February 26, 2004

Viewer Discretion Advised

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I’m a Carrie.

So of course, I sat with my eyes and ears open as the final episode of Sex and the City aired this past Sunday. And the most lasting lesson that I took from the show is that there is only one Big Apple. What did everyone’s favorite fashionista say when she finally found herself in the arms of Mr. Big, in Paris, the city of love? Take me home, I miss New York. People make fun of New Yorkers for acting like “the city” is the center of the universe. Is it really the best city in the world?


And here are the movies that prove it.

Annie Hall

Woody Allen does it better than anyone else when it comes to old New York. No one films the cityscape quite like he can, with that special New York neuroticism that others just don’t get. Billed as a nervous comedy, Annie Hall is Allen at his best and remains one of the most brilliant romantic comedies of all time. It’s the love story of neurotic Upper West Side Jewish comedian Alvy Singer (Woody Allen) and ditzy, nightclub singer Annie Hall (Diane Keaton). Their relationship is shot through classic New York city street scenes and their final break up has Annie leaving Alvy for L.A. to live with a musician played by Paul Simon. Says Alvy, “I don’t want to live in a city where the only cultural advantage is that you can make a right turn at a red light.” La-Dee-Dah, Lah-Dee-Dah.

When Harry Met Sally

Directed by Rob Reiner, When Harry Met Sally takes a look at whether or not men and women can really be friends without sex getting in the way. The answer is, apparently, no. Harry Burns (Billy Crystal) and Sally Albright (Meg Ryan) meet in New York years after driving together from Chicago University and befriend each other, eventually falling in love. The film features walks in Central Park in the fall, a tour of the Metropolitan Museum of Art, and of course, everyone’s favorite orgasm scene, which was shot in the middle of a packed Katz’s Deli on the Lower East Side. I’ll have what she’s having.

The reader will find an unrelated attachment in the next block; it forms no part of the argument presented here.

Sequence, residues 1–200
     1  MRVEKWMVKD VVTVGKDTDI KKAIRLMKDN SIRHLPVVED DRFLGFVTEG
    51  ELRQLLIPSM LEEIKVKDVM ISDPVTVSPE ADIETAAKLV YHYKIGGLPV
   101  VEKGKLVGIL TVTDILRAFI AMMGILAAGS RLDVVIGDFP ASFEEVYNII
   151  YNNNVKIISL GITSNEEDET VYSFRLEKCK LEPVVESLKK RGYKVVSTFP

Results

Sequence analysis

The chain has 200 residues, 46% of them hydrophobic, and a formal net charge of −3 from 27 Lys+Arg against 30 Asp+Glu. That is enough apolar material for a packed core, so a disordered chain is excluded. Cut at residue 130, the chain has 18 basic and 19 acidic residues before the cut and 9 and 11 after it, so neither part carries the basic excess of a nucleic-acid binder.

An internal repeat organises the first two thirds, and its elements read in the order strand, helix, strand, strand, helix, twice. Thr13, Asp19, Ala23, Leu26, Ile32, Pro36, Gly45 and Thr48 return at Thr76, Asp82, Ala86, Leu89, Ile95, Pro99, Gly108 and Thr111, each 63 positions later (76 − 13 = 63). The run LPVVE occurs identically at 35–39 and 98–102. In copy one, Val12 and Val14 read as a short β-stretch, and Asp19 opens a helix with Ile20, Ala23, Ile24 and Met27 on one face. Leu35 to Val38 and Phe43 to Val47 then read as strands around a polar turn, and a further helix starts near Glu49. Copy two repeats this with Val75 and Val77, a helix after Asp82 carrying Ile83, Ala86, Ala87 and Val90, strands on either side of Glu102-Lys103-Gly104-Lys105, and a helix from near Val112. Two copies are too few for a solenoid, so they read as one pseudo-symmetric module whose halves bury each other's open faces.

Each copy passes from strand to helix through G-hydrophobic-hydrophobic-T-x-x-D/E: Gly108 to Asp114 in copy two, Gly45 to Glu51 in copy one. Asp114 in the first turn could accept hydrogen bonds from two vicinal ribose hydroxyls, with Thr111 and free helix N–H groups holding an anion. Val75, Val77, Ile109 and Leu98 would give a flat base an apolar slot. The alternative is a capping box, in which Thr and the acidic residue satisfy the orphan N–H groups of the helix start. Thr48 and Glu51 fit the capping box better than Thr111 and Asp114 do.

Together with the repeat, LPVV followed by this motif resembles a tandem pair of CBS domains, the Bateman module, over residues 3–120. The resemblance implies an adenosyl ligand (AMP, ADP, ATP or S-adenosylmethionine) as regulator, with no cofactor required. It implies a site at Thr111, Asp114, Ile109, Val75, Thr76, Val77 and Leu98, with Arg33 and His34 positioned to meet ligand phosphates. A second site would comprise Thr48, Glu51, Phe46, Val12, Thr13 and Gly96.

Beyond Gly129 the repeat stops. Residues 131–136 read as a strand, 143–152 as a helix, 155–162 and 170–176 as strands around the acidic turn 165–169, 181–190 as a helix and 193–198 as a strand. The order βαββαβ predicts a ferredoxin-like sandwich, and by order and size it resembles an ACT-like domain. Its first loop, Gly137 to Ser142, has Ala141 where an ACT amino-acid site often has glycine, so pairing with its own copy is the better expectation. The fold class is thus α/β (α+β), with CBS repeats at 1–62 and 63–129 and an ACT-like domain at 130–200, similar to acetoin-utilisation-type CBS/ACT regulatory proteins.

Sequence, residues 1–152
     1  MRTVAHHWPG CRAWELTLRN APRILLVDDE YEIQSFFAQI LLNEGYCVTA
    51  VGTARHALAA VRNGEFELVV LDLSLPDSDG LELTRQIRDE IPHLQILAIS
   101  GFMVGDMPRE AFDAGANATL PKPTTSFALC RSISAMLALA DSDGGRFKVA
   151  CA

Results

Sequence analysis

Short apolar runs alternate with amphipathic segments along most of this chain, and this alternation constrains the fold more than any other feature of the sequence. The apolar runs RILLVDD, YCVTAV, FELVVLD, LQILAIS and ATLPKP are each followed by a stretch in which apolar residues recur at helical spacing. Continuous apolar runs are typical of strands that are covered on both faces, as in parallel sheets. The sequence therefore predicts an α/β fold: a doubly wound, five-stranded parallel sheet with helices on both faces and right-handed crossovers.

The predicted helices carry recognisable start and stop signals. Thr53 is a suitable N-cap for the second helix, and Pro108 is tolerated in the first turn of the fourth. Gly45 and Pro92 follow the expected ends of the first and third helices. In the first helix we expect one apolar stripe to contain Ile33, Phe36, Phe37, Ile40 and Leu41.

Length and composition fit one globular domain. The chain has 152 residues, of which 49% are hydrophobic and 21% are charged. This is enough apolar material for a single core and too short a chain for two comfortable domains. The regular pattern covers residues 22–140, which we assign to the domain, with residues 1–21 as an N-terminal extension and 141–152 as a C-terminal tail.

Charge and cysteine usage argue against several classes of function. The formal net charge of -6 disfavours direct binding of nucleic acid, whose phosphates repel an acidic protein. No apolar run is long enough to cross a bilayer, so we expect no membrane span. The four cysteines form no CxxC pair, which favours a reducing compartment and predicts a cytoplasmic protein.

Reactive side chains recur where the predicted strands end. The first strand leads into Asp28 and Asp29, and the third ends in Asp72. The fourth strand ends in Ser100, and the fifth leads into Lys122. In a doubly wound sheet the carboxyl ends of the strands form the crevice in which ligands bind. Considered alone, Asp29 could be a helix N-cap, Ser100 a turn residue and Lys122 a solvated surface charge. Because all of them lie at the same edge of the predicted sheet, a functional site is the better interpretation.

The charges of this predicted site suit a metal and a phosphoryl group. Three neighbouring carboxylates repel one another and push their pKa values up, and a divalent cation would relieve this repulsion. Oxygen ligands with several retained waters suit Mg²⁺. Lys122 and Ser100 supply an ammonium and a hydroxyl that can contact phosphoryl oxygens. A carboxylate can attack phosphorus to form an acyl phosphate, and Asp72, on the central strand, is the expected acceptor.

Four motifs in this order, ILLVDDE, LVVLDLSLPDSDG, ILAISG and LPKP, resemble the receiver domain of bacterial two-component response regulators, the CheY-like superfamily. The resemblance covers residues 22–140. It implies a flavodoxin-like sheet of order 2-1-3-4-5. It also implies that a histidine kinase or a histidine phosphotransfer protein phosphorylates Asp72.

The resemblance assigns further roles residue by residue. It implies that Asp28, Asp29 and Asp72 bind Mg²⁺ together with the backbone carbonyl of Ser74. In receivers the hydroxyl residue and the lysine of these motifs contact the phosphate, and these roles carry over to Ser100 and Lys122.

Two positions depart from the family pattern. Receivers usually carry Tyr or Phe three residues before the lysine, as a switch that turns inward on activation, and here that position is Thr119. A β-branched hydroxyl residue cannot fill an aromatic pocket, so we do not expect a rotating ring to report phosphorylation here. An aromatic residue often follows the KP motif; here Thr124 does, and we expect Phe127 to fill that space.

The Muppets Take Manhattan

No one knows better than Kermit and friends that New York City is where its at. This time, the muppets try and conquer Broadway. I ask you, have the muppets been to your town? I certainly don’t see them making pilgrimages to New Jersey.

Igby Goes Down

Igby Goes Down was lauded as the closest film has come to imitating J. D. Salinger. The movie, released in 2002, stars Kieran Culkin (Macaulay’s younger brother) as a Holden Caulfield-esque New York City private school crackhead surrounded by damaged, over-indulgent relatives on the Upper East Side. The film roams from Madison Avenue to below 14th Street and the Hamptons, chronicling Igby and his pot-smoking, adulterous relatives and friends. And what’s a Manhattan film without snobby, infantile cynics and spoiled private school kids?

Archived article by Logan Bromer